Lettuce Help You

Not long ago I was traveling with my three sons and my father on a hunting trip in eastern North Carolina.  We were tired after several hours on the road and decided to stop in at McDonald’s to grab a sandwich before settling in for the evening.  Our order was long and somewhat complicated so my father and I stood by talking while our food was prepared.  Meanwhile, at the other register another gentleman was ordering.  The specificity of his order made mine look easy.  He must have thought he was at Burger King because he most definitely wanted the order “his way.”  The man received his order and left the counter while my father and I continued our conversation.

A few seconds later, the man returned with his sandwich.  Everyone knows this is a bad sign.  If the workers had forgotten something, the man would have come back empty handed.  However, when someone returns with their sandwich, someone has got something wrong.  This has happened to all of us.  Ordered a chicken sandwich and received a burger, or vice versa.  This would not end up being the case for the man at the adjoining register.  The worker who had constructed his sandwich had used the wrong type of lettuce.  McDonald’s has both sliced and shredded lettuce.  The sandwich he ordered typically comes with sliced lettuce but he had been adamant that the lettuce be shredded.  He proceeded to, quite rudely, point out to the young girl at the counter the mistake.  Over and over again he pointed to the fact that he had ordered shredded lettuce.

It was one of those moments that I frequently find myself in where I am embarrassed for someone.  In that moment I was embarrassed for that man, his family, and really anyone who had ever known him.  I felt bad for whoever had to call this guy their husband, or dad, or friend.  This man was making a complete fool of himself but that reality did not seem to bother him in the least.

The server corrected his order, apologized once again, and the man left the counter.  Moments later we received our food, left the counter, and enjoyed the rest of our trip.  I didn’t think about that incident again until about a week later when I was sitting in the back of the chapel at a local funeral home.  The family had not yet been brought in and I’ve always found that funerals are a very appropriate time to reflect.

Funerals are a symbol of something final.  Whether we stick with the nomenclature “funeral” or the more recent rendition “celebration of life,” it is hard to look past what a funeral means.  As I sat there waiting for the service to start, I was drawn back to the incident at McDonald’s a week earlier.  I found myself profoundly saddened by the actions of the elderly gentleman and his lettuce preferences.  He had been willing to verbally assault a teenage girl because the lettuce on his sandwich had not been cut properly.  For him, it was worth being downright nasty to get things his way.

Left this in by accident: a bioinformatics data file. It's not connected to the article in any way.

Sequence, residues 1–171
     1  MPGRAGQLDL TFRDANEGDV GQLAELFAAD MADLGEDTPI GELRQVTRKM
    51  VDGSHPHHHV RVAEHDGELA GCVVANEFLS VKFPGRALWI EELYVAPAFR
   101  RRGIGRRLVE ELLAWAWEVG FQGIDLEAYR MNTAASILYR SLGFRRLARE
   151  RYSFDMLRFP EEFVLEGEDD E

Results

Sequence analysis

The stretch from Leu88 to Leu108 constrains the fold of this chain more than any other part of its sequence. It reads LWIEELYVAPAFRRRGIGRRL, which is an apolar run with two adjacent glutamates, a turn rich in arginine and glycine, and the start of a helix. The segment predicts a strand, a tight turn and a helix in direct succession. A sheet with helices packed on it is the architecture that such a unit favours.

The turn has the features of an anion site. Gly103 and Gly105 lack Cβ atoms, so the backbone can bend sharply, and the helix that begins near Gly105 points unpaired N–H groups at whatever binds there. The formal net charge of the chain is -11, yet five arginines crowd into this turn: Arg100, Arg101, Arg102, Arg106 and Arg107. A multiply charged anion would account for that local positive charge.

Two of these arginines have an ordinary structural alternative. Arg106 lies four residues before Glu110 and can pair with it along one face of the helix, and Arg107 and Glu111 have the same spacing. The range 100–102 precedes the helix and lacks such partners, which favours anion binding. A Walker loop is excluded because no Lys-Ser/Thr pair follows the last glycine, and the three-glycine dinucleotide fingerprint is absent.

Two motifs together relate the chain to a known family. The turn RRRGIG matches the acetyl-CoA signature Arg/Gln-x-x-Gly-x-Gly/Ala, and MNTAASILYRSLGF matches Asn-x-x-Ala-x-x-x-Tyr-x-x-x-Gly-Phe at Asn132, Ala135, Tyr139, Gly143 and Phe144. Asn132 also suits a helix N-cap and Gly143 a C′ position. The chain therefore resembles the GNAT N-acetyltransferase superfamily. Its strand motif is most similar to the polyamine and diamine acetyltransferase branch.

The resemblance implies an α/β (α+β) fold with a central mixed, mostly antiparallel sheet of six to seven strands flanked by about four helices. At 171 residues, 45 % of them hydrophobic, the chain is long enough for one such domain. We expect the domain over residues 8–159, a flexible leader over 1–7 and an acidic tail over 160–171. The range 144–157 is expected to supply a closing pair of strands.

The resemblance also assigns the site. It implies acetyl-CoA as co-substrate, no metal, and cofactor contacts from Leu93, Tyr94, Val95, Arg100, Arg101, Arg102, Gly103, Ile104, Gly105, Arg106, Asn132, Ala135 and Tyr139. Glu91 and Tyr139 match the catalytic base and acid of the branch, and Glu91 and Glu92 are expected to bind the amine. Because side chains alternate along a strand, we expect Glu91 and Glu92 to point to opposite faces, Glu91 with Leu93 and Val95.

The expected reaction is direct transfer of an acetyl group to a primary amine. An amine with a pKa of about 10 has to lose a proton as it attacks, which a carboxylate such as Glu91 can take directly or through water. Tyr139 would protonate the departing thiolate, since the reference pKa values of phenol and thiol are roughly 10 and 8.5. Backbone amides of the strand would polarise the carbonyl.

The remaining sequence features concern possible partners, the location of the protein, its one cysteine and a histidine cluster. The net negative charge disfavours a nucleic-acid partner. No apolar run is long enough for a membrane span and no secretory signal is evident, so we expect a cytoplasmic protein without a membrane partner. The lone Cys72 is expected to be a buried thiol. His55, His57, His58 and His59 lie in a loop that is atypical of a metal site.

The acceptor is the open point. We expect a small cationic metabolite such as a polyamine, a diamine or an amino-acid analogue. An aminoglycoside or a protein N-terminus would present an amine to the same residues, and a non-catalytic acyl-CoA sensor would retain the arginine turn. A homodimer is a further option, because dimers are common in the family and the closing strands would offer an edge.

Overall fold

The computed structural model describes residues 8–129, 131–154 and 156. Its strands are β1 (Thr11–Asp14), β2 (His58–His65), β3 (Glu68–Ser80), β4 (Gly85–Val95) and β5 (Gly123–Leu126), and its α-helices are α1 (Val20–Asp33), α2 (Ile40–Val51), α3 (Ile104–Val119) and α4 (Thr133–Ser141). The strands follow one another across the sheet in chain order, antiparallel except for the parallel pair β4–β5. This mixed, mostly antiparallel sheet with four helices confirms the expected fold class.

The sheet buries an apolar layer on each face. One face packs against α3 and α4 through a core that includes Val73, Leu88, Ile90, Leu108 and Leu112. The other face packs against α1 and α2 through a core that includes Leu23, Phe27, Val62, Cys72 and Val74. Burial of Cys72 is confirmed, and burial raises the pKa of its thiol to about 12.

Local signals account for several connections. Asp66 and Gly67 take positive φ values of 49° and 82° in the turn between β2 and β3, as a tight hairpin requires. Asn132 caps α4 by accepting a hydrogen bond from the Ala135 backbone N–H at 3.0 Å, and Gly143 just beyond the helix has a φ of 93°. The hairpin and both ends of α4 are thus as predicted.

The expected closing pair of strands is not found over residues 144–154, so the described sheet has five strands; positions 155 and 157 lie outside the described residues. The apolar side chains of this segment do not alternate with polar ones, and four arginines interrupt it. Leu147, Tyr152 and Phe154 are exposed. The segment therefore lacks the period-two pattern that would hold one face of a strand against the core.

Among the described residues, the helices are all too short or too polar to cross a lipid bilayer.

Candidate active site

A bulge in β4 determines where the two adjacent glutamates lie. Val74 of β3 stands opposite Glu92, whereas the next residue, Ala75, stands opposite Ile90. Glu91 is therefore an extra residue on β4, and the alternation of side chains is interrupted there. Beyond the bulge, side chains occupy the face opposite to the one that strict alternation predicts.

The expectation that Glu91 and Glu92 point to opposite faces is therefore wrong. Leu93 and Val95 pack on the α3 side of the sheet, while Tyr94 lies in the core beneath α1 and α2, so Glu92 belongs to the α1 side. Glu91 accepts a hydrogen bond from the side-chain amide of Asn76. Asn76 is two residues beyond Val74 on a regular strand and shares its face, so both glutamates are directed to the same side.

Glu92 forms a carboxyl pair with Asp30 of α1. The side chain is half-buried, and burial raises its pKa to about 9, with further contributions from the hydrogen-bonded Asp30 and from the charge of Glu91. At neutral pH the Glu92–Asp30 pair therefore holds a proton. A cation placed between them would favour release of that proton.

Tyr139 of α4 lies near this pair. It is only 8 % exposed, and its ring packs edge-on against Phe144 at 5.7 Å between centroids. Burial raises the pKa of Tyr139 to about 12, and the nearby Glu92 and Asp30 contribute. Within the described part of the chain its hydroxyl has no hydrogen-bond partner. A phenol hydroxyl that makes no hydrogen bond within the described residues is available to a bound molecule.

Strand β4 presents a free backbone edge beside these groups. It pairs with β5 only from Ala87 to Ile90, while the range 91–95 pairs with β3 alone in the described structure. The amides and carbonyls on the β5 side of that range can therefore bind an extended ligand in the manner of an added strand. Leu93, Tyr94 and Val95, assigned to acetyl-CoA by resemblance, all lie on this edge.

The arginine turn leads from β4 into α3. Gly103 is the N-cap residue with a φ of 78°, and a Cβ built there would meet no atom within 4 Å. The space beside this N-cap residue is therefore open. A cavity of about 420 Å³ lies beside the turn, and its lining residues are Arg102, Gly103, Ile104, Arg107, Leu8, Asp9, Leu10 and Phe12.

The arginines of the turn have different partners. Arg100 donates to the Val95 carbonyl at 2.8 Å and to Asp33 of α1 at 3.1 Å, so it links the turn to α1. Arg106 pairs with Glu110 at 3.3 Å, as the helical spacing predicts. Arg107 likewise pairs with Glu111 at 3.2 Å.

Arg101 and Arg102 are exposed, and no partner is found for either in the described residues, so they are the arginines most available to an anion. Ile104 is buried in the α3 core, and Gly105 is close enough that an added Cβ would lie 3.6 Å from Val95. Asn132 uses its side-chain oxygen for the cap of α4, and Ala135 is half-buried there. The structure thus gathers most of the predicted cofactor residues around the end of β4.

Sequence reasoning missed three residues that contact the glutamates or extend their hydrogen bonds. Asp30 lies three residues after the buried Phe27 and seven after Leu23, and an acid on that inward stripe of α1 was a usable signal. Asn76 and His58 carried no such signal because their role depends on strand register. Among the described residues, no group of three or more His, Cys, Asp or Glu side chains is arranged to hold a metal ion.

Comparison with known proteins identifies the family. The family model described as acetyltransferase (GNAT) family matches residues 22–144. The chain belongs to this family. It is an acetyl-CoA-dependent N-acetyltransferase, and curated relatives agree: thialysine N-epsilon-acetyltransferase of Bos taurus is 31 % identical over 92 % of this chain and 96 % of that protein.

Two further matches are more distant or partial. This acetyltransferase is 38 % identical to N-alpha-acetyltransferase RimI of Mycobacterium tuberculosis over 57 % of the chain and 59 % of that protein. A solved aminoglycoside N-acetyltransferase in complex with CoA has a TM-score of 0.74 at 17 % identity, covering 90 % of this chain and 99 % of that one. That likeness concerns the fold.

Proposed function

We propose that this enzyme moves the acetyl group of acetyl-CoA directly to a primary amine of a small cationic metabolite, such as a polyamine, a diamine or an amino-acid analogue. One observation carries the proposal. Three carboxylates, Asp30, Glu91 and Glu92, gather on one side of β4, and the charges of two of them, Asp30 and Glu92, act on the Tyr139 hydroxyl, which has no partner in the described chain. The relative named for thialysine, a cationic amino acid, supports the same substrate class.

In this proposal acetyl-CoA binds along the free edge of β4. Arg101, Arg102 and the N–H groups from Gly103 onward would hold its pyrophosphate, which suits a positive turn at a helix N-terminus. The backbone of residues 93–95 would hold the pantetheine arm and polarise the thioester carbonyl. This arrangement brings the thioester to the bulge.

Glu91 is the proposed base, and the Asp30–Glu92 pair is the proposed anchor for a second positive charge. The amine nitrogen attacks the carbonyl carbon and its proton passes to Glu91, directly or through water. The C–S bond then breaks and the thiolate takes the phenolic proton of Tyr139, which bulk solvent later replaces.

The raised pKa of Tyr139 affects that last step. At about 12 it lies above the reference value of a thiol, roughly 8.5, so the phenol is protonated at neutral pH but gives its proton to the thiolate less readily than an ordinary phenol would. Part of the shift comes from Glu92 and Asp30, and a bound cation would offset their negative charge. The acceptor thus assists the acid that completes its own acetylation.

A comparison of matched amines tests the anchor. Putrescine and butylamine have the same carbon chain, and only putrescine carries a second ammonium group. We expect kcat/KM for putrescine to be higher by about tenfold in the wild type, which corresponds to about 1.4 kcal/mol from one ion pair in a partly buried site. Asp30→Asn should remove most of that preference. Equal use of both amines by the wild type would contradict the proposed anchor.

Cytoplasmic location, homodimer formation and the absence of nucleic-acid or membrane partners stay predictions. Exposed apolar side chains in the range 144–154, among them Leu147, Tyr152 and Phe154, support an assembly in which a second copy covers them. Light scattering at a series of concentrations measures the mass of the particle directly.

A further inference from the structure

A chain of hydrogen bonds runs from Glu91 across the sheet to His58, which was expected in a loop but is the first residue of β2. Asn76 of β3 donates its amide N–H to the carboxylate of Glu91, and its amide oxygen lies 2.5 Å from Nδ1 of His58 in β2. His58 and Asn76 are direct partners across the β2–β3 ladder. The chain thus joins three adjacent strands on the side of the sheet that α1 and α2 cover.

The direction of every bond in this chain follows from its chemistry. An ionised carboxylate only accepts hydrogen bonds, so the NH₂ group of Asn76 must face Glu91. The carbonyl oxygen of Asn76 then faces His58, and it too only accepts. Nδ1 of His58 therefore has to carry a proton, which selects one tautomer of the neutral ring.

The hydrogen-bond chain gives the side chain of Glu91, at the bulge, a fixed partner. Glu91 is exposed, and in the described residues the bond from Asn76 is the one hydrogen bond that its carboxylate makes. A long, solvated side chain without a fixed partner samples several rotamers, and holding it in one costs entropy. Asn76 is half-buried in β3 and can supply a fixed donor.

At the same time, I thought about what was happening in this funeral service.  We were there to say goodbye to one of God’s children who had departed this life to be with her heavenly Father.  What a contrast in situations.  The first, where priorities were completely out of kilter and the other which brought such clarity to life and what is significant.

I tell you this story to encourage and challenge you with this: set wise priorities. The Apostle Paul, writing to the church at Ephesus has just encouraged them to “walk as children of light” (v. 8) and to “take no part in the unfruitful words of darkness” (v. 11) when he writes:

Look carefully then how you walk, not as unwise but as wise, making the best use of the time, because the days are evil. (Eph 5:15-16, ESV)

There is a day coming when we must all give an account to God for the things we have done.  Our lives are vapors that are here today and gone tomorrow.  Funerals are a good reminder of that fact.  Therefore, it is of the upmost importance that we make wise decisions today—that we set our priorities on the things of God.  That we do not waste our time worrying about the cut of our lettuce, but that we take great care to make wise decisions.  Our enemy loves to get us distracted into unfruitful activities that prevent us from being on mission as witnesses to Christ.  Walk carefully brothers and sisters.  Be wise.  Make the best use of your time because the days are evil and time is short.

2 Comments on “Lettuce Help You

  1. Made me realize that I need to change some things! Thanks for sharing.

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